I am an elecronics rookie but it's all gone really smoothly. I've done a little PCB soldering, but only as a hobby. If you have to learn how to solder on this project it might be a little harder, but you'd get a lot of practice. There are a LOT of solder points on the board (to my eyes) but it still only took about two or three hours to assemble the PCB including soldering, clipping off wires, and checking it over & resoldering a few points. I took my time too. I used a multimeter a couple times, but even that might not be necessary. I just used it to verify a couple things.

          The case is generic so it has to be milled for all the buttons, windows and connectors. It's not too tough, but it sure would have been tons quicker with the DRO already installed - catch 22. I think it took an hour or two of relaxed machining.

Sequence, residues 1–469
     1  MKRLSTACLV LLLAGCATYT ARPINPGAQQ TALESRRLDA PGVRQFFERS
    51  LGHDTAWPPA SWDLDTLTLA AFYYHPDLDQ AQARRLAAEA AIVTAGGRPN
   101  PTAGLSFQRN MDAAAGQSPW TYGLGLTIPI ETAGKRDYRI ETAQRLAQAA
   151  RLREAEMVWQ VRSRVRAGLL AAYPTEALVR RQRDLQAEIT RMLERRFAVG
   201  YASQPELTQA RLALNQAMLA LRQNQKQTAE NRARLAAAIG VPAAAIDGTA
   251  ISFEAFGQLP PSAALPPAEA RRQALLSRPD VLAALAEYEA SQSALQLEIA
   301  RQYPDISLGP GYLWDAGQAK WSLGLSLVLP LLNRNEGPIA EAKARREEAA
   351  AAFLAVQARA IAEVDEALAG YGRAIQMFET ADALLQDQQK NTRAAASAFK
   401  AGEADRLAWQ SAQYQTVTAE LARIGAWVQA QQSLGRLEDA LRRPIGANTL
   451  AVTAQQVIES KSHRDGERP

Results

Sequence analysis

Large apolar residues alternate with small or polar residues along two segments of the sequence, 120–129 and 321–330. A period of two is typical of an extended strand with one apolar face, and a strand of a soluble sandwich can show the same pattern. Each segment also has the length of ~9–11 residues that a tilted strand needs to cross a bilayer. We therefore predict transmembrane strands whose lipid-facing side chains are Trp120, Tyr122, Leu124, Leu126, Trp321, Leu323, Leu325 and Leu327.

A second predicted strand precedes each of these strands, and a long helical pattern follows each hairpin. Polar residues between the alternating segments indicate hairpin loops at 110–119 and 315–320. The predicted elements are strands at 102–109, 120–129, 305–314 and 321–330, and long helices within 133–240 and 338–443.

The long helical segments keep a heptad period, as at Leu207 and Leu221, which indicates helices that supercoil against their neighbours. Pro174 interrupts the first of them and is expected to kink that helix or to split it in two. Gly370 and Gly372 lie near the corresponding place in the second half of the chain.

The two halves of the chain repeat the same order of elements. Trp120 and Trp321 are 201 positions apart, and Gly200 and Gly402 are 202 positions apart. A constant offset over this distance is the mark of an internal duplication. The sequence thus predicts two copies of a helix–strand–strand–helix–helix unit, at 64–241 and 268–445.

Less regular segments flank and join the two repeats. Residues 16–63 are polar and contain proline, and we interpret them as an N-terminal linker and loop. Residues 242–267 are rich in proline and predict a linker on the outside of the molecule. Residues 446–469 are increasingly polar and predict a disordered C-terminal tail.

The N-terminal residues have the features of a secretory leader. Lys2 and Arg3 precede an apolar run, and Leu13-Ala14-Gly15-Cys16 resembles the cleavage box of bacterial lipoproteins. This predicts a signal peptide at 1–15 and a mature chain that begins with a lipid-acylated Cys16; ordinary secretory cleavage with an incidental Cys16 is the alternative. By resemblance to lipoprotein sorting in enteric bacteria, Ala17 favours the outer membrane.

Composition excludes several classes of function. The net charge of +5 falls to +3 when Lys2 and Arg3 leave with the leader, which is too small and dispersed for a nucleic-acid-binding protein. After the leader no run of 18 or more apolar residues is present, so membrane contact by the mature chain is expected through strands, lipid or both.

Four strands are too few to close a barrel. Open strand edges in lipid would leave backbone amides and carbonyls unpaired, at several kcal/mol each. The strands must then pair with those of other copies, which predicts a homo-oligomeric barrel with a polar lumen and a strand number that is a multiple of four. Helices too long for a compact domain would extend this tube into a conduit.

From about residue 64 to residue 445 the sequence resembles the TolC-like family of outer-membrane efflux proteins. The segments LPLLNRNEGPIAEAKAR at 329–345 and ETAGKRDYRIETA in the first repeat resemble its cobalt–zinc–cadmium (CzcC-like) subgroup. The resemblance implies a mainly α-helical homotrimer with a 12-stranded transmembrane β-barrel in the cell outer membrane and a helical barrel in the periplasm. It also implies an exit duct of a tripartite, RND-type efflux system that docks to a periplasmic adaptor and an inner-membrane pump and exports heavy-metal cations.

The web site has good instructions for putting it together and easy links to two sources for all the parts except scales. Regarding scales, that's one thing I liked about the Shumatech design. You can use cheap chinese scales or mix and match them with any other type of scale having quadrature output (with a bit more work and expense, but still easy), or even rotary encoders. The calipers I got from HF work perfectly with it.

          The trickiest part is working out and machining brackets to attach the scales to the machine, but that's not that bad either. That's what you were thinking of with the calipers already anyway.

          For my requirements and budget, the Shumatech was a good fit. (Standard disclaimer here)

          If you think you're interested, spend some time checking out the web site. Once the steps begin to take shape in your head, it's a relatively simple project. There is a lot of useful information on the Yahoo group site, so check that out too (there's a link to it on the Shumatech web site).